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BBC Science Focus MagazineBBC Science Focus Magazine

BBC Science Focus Magazine May 2019

With accessible features illustrated with the world’s best photography, BBC Focus Magazine explains the theory behind scientific phenomena and really brings science to life. In every issue you’ll find news of the latest major scientific developments, a lively Q&A section plus exclusive and astonishing photographic reports that range from the breathtaking to the downright odd.

Pays:
United Kingdom
Langue:
English
Éditeur:
Immediate Media Company London Limited
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from the editor

In a galaxy far, far away, there’s a place beyond the reach of science (no, not Endor), a place where the way we perceive and even think about the Universe falls apart (no, really, not Endor). I am, of course, talking about a supermassive black hole. A cosmic monster that’s crammed 6.5 billion times more matter than our Sun contains into an area so small, it doesn’t actually have spatial dimensions. The consequence of this cosmic crunch is that nothing, not even light, can escape its pull. And yet, last month, a global team of scientists announced they had managed to capture an image of this black hole at the heart of the galaxy M87. They had gathered and weaved together light that left the outer reaches of this black…

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on the bbc this month...

Podcast Ahead of the 50th anniversary of the Moon landings, Kevin Fong digs into the science that got us there. bbc.co.uk/sounds iPlayer Go behind the scenes of the Event Horizon Telescope, the project which created that black hole image, in How To See A Black Hole: The Universe’s Greatest Mystery bit.ly/blackholepic TV During Mental Health Awareness week, Nadiya Hussain investigates anxiety, David Harewood shares his experience of psychosis and Alistair Campbell talks about living with depression. ANDY POTTS NASA, GETTY IMAGES, EHT COLLABORATION, BBC…

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contributors

JHENI OSMAN Can staying in work help people with dementia? We sent former Science Focuseditor Jheni to a pop-up restaurant in Bristol that’s aiming to find out. p66 SIMON CROMPTON Walk into any pharmacy and you’ll be given the same drugs, regardless of sex. Health writer Simon asks whether it’s time for change. p72 DAVID VEALE On the eve of Mental Health Awareness week we met Prof David Veale, who’s investigating a surprising new treatment for depression: sleep deprivation. p58 MICHAEL MOSLEY For those of you who skip breakfast, Trust Me, I’m A Doctor’s Michael Mosley has some good news – it doesn’t really matter, as long as you enjoy a healthy diet. p63…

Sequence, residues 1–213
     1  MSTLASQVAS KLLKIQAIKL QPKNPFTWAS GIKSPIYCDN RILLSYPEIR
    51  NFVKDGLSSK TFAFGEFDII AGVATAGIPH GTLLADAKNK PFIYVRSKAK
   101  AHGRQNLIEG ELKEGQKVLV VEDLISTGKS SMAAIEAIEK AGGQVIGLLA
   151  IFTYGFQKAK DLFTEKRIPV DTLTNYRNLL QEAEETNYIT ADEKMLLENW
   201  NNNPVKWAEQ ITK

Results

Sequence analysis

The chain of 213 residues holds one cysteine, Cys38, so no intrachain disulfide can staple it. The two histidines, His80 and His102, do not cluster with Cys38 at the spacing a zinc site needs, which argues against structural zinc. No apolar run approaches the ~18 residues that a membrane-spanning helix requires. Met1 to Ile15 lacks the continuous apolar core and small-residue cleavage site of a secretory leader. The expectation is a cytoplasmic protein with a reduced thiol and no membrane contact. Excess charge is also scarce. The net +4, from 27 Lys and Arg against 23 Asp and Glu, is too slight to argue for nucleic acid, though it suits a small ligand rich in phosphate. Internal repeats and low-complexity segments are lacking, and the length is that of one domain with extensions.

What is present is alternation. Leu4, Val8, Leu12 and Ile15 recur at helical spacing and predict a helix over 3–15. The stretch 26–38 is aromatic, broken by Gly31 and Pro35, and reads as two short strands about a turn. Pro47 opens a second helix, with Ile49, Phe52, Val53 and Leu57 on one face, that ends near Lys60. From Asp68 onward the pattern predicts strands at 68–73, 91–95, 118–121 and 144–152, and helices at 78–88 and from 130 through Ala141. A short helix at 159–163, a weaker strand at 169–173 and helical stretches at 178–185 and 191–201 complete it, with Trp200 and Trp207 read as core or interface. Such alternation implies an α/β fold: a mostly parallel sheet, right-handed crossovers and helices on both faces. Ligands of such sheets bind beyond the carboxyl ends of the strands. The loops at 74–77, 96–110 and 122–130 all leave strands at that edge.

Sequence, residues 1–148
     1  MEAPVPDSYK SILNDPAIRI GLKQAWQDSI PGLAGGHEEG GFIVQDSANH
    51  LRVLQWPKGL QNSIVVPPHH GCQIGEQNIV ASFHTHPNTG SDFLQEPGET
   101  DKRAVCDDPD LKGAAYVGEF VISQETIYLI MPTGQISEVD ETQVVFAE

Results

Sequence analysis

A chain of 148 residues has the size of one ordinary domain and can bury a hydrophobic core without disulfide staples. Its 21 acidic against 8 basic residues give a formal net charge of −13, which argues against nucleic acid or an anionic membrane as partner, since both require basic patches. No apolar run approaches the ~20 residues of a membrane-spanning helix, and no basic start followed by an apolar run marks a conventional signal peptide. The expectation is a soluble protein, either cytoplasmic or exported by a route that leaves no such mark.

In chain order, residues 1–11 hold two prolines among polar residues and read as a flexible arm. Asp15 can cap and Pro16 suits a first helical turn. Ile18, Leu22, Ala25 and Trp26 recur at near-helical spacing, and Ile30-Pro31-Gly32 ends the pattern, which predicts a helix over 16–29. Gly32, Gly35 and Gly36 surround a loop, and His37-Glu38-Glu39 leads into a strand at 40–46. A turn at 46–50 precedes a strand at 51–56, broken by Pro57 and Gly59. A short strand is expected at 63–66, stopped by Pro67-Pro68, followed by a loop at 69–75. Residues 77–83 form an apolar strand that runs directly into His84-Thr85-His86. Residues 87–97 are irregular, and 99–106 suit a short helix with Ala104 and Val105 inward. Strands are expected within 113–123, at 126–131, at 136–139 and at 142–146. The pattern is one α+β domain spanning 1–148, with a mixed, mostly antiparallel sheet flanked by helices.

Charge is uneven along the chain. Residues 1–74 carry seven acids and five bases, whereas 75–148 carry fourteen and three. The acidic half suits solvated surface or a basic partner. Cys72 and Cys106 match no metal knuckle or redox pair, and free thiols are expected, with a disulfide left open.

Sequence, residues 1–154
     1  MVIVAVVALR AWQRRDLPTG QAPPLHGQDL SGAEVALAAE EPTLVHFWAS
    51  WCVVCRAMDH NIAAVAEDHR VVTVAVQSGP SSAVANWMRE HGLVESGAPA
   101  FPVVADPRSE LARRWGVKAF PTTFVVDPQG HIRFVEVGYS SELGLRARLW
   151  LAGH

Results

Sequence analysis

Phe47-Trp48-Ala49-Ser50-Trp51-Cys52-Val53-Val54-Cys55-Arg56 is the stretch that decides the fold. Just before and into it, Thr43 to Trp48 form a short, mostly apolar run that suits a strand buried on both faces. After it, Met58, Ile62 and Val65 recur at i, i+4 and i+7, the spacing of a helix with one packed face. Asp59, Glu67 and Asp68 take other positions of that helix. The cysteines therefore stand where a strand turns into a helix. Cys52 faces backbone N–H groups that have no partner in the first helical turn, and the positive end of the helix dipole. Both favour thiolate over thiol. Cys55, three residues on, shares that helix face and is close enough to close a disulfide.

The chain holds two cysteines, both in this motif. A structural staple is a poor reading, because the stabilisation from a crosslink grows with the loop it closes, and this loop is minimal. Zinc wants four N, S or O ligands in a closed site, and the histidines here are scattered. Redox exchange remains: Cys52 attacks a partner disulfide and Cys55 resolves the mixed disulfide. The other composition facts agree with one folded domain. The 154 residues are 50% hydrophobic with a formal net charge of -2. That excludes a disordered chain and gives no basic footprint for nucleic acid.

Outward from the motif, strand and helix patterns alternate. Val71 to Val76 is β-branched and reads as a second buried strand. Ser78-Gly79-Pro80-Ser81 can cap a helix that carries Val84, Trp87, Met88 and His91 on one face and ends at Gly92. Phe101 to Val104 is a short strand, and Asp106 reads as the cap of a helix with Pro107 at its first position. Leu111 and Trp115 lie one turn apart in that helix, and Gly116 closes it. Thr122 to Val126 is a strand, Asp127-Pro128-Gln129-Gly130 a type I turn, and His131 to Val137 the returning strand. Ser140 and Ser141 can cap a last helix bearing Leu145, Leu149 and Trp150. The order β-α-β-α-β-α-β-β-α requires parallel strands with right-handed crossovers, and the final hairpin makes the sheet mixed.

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eye opener

Hang in there YASUNI NATIONAL PARK , ECUADOR Having a bad day? Then spare a thought for this caterpillar. It’s been eaten from the inside out by braconid wasp larvae, seen here pupating inside their cocoons, dangling from the caterpillar via silk threads. The parasitic wasps use needle-like ‘ovipositors’ at the base of their abdomen to pierce their victim – usually a caterpillar – and deposit eggs inside the body. Once the eggs hatch, the larvae use their host as food until they break through and begin the process of spinning their cocoons and pupating into adult wasps. Incredibly, this caterpillar was still alive when the photo was taken. Apparently, some wasps keep the host alive on purpose, to deter predators from attacking the cocoons. Sonic boom CALIFORNIA,USA The shock waves of two supersonic aircraft are…

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letter of the month

New subscriber I have long been a subscriber to New Scientist, but over the last few years it had become increasingly political. I fancied a change and last week I picked up a copy of Science Focus. This magazine has been an absolute pleasure to read from cover to cover. Something that really stood out to me was how balanced and accurate your articles are. In the Tune Up Your Brain section you acknowledge the reason why there may not be much evidence supporting the use of supplements. I myself would not take supplements without a strong evidence base, but as a scientist I recognise the value of unbiased and accurate reporting – so for me you’re ticking all the right boxes. I also happen to have a keen research interest…

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conversation

The future’s bright At Saint Francis Xavier School we’re very passionate about the ecosystem, and we have been awarded a Green Flag accolade, which is given to schools who have achieved a high standard in creating a better ecological environment. Since then we are trying to become a plastic-free school. As part of that aim we are trying to spread the word to the wider community. As a school we try not to buy single-use plastic bags and drinks bottles; as an alternative we have used cans which we crush and sell to fund our LED lights. An eco-team member buys BBC Science Focus every month and has noticed that you wrap it in a plastic bag. She’s tried to help the environment by not buying things in plastic bags, but it’s…

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